Going Back
by Jessica Housand-Weaver

There is something about riding
home across yawning pastures and forests
of culled stalks, a railcar murmur
sailing through the country’s heart,
old ghosts caprioling leeward
like meadow-mad porpoises
spitting histories into the dusk;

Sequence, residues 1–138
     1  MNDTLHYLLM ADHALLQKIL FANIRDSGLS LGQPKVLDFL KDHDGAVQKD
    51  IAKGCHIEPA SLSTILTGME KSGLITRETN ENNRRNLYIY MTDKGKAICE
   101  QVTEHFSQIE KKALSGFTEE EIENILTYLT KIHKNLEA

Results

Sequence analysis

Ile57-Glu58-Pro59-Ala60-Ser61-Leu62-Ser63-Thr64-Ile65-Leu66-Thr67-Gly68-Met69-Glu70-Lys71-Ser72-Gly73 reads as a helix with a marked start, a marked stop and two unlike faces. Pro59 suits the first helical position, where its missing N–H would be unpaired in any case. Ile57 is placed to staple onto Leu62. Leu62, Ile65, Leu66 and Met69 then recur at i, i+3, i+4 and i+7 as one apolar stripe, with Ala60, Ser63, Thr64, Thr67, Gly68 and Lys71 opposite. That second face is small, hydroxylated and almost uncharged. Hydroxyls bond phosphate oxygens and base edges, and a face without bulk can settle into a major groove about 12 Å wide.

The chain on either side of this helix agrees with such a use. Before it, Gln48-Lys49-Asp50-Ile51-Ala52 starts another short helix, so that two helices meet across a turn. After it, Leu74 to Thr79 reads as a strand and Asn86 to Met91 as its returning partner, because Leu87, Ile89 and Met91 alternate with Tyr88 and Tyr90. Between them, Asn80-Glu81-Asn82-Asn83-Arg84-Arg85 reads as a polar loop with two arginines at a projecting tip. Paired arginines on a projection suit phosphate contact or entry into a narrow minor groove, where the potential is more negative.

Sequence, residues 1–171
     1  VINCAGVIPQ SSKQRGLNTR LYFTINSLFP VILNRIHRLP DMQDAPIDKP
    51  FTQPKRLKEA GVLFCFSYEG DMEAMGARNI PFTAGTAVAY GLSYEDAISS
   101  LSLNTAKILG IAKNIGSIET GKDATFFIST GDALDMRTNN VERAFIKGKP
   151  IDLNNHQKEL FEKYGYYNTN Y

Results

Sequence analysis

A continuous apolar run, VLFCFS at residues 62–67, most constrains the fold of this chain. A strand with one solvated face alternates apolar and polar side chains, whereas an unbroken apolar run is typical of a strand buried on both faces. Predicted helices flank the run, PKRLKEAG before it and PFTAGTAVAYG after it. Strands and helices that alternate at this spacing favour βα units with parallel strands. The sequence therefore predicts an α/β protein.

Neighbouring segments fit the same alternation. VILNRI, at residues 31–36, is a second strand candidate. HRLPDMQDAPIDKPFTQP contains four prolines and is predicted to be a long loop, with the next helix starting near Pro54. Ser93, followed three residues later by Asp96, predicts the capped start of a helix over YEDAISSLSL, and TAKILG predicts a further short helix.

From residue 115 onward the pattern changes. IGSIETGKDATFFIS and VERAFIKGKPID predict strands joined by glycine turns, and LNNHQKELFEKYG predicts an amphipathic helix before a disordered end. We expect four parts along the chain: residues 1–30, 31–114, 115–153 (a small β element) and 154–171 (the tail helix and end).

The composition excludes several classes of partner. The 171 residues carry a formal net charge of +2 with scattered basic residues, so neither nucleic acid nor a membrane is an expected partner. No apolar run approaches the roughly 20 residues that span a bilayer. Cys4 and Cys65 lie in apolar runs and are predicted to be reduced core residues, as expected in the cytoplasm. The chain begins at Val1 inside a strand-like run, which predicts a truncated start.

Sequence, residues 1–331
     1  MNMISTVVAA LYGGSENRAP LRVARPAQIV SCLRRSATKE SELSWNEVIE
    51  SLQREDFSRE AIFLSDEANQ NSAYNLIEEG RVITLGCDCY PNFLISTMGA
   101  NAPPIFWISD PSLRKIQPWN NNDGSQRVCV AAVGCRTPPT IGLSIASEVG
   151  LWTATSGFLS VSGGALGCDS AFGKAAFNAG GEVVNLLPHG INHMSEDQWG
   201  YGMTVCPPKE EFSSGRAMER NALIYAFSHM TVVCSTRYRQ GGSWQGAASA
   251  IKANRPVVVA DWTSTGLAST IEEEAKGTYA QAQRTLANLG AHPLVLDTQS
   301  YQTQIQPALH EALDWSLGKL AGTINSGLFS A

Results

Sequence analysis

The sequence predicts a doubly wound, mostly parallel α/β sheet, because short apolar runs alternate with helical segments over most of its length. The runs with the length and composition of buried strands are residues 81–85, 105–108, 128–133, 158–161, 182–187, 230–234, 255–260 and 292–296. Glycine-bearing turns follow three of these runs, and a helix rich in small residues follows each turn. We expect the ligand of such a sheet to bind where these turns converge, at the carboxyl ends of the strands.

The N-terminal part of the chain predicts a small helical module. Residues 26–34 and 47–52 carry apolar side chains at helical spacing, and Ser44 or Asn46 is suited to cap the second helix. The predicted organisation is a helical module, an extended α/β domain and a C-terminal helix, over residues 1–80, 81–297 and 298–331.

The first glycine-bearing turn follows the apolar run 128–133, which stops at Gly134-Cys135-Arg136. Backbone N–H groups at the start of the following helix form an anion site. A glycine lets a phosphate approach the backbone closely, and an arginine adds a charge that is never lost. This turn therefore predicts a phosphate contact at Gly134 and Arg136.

when once cholera and typhoid rooted
among mantled wagons, sticky children
flushed with fever, playing for days
with corn-husk dolls that crumble
between their fingers, the oxen
lowing, thirsty, at natives still
as coral trees along the trail, until
drifting away, the earth-daubed
warriors sink amid blue hyacinth, rallied
by bison, buoying fat and free
on waves of southern steppes.

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